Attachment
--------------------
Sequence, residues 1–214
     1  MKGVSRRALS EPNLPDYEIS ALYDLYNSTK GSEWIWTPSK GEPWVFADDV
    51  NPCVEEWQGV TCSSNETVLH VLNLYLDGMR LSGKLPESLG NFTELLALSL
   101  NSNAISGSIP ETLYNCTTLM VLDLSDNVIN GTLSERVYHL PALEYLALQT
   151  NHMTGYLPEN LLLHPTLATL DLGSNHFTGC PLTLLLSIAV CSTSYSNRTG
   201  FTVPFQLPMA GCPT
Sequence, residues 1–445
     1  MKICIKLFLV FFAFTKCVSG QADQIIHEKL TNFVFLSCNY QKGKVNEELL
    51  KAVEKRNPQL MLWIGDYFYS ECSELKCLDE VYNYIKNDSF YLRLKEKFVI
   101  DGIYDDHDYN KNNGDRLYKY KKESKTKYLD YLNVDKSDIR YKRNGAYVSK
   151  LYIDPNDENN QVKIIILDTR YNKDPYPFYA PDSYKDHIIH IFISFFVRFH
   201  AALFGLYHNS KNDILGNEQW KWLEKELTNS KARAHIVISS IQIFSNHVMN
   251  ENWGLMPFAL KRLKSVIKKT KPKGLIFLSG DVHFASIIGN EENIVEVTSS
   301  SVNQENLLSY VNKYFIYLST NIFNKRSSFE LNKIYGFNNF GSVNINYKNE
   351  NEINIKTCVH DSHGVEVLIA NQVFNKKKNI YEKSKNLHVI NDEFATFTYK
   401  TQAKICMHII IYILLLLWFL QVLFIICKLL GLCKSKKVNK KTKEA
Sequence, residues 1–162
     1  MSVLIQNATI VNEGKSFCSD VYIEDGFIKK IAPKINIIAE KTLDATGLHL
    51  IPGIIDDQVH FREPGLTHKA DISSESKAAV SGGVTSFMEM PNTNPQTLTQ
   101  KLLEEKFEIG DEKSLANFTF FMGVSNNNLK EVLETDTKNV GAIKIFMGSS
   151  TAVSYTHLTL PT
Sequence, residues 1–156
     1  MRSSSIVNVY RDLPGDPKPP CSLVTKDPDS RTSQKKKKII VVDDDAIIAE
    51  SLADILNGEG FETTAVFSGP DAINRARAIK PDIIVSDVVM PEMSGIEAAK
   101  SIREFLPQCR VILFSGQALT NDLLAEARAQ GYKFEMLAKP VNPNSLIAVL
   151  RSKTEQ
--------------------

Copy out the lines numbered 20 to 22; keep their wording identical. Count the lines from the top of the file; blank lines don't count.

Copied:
   101  KLLEEKFEIG DEKSLANFTF FMGVSNNNLK EVLETDTKNV GAIKIFMGSS
   151  TAVSYTHLTL PT
Sequence, residues 1–156